Supporters of an open, truly competitive Internet faced a news cycle's worth of scare headlines. "FCC proposal would destroy net neutrality," screamed the Verge. In only slightly more measured language, the New York Times announced last night that the: "principle that all Internet content should be treated equally as it flows through cables and pipes to consumers looks all but dead."
Not so, say FCC officials. Pushing back against the reports, FCC Chairman Tom Wheeler emailed a statement before midnight saying: "There are reports that the FCC is gutting the Open Internet rule. They are flat out wrong. ... There is no 'turnaround in policy.' The same rules will apply to all Internet content." And the push-back continued today, with a "Setting the record straight" blog post by Wheeler, and via a background briefing by senior FCC officials.
Beyond pushing back at news reports, the FCC says it is trying to thread a needle - upholding its principles of network neutrality within the confines of Verizon's latest anti-neutrality victory in the DC Circuit Court of Appeals. As I explained back then, the court left room for maneuvering, and Wheeler is taking one of the paths it laid out.
Will that prove effective? Net neutrality's staunchest advocates have always had doubts about the FCC's unwillingness to take on the big network owners more forcefully. Dan Gillmor lays out the case here for fighting back.
But it's true that the Verizon ruling leaves Internet users with even fewer protections than before - a problem Wheeler wants to address by year's end, according to a senior FCC official who spoke on condition of anonymity. Although the nation's largest broadband provider, Philadelphia's Comcast Corp., has committed to abiding by the rules voluntarily till 2018, Verizon and other broadband providers are no longer bound by the 2010 order's rules against blocking and unreasonable discrimination, he said.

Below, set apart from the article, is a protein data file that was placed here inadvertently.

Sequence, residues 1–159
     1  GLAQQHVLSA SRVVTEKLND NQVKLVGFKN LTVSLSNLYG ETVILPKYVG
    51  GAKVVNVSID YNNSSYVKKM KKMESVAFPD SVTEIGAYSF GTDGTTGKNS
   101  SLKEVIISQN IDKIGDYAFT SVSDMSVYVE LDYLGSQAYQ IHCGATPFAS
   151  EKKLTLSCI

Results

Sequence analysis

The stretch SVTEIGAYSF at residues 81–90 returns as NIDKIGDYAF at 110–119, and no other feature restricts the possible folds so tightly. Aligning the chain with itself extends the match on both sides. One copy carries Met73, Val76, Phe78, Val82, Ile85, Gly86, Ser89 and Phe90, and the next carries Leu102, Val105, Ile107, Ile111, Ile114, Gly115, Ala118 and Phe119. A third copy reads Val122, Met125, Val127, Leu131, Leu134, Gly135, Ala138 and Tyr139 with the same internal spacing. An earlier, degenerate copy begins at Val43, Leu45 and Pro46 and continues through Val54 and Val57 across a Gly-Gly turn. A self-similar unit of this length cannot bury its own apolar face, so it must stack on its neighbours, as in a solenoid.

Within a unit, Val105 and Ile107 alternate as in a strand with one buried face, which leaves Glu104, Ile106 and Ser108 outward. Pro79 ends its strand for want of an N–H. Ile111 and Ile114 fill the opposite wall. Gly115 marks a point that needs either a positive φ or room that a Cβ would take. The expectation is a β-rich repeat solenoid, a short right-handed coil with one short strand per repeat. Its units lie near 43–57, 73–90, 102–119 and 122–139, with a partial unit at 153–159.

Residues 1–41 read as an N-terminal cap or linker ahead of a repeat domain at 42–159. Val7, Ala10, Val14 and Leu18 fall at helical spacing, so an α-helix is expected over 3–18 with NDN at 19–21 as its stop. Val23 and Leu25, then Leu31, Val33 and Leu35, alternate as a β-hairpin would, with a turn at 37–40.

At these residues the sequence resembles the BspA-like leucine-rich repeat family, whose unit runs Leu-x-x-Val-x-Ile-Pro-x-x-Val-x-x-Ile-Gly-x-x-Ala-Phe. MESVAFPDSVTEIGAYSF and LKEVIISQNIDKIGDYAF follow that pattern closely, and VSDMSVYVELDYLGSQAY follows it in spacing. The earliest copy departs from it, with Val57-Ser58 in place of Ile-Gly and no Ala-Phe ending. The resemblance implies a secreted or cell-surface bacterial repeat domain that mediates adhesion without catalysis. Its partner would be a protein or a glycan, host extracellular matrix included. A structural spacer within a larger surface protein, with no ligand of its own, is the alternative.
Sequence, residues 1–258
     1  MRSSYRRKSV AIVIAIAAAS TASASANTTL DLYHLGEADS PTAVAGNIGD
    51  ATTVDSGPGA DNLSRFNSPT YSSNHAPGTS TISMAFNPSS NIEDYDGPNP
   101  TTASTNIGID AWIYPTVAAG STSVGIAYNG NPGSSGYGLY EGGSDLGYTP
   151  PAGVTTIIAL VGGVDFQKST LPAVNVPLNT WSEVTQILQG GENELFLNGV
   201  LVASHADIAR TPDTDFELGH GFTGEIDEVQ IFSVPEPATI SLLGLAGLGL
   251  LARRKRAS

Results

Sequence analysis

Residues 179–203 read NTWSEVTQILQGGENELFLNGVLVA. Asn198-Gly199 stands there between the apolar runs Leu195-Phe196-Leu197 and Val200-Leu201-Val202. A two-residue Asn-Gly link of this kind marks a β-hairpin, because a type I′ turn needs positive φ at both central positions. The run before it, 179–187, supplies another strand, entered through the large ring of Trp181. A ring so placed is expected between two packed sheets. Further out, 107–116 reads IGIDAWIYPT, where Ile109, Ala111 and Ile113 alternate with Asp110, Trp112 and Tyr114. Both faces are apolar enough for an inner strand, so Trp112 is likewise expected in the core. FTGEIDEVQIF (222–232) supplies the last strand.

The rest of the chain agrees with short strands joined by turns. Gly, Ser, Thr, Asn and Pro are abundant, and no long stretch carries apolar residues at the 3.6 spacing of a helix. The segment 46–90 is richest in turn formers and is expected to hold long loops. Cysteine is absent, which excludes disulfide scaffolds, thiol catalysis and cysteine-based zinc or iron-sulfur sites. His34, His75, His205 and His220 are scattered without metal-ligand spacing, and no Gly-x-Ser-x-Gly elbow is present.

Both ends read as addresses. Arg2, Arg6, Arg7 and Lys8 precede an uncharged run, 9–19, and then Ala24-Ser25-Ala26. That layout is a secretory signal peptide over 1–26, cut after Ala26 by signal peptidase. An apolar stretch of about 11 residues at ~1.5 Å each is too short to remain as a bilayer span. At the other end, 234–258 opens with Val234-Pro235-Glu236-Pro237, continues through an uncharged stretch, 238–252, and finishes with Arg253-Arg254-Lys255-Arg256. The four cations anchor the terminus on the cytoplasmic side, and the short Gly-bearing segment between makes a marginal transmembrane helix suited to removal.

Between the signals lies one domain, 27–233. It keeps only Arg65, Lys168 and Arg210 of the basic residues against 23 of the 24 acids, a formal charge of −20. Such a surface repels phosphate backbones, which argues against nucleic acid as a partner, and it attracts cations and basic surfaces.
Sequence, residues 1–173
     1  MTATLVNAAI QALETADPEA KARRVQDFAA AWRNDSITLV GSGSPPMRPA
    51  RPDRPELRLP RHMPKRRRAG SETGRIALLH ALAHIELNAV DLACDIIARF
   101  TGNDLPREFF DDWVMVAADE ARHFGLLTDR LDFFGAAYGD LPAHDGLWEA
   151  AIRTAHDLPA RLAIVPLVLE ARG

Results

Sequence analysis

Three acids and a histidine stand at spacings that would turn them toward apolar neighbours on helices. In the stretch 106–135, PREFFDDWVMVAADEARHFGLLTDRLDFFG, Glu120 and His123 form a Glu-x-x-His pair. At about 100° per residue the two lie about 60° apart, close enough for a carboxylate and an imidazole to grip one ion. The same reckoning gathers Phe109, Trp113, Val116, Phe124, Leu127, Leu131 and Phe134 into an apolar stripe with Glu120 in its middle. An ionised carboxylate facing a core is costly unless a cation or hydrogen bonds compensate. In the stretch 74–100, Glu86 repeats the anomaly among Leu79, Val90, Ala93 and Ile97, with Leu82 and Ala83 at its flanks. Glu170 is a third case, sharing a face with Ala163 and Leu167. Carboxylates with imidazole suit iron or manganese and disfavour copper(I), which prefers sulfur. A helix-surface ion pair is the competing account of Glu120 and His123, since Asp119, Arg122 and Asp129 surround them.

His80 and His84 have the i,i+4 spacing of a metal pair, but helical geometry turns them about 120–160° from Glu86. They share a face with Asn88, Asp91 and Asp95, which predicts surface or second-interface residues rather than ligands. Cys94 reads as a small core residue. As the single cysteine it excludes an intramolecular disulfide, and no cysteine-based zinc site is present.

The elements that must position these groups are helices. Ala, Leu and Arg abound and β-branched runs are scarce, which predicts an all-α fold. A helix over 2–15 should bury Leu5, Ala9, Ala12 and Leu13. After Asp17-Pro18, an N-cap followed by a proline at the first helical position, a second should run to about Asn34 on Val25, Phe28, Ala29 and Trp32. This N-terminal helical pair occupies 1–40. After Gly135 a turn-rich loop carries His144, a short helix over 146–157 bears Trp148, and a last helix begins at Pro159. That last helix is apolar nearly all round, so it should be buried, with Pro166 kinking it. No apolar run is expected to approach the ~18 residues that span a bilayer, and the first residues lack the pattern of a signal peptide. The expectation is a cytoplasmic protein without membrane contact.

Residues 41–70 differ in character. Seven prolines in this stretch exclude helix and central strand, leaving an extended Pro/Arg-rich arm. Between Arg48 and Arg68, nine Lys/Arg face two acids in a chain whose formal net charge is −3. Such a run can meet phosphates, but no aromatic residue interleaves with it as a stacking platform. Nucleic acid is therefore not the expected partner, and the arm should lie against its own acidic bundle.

Protecting against "unreasonable discrimination" is at the heart of the FCC's current approach to the issue, and the FCC official insisted that even stronger, utility-like regulation - while still on the table at the FCC - would also allow a provider to engage in its opposite. But what constitutes "reasonable discrimination" is a tricky question.
"A prioritized connection to a heart monitor might be a good thing for a consumer at home, without harming anyone else," the official said.
Beyond that easy example? The answers weren't clear. The official said that harm to competition, "including harm that comes from market power," wouldn't be tolerated by the FCC. He said the agency believes that its Open Internet rules should protect competition - at least among so-called "edge providers" such as Netflix - as a means to encourage the "virtuous cycle" of infrastructure investment and innovation.
"Our goal is to replace the void that exists today in the law," the official said. And he said repeatedly that next month's "Notice of Proposed Rulemaking" would be a starting point, not an ending point. "We want to have a broad public debate."
A good starting point would be recognizing this: Whether or not the FCC is willing to subject the Internet to public-utility-style regulation, there's no question it's today's essential means of communication - not just the "information service" that the FCC's regulations have portrayed it as for many years. Ultimately, having an Internet dominated by a handful of cable and telephone companies won't serve anybody's interests - not even those companies' shareholders, who will suffer along with the rest of us if rising broadband prices stifle economic growth and innovation.
If regulators do nothing else, they should at least be able to bar broadband providers from blocking legitimate websites or discriminating against innovators that threaten to disrupt somebody's profit stream - including their own. But in the long run, ensuring a truly open Internet will probably take a more forceful approach - perhaps along these lines that Columbia's Tim Wu recently laid out in a proposal submitted to the FCC.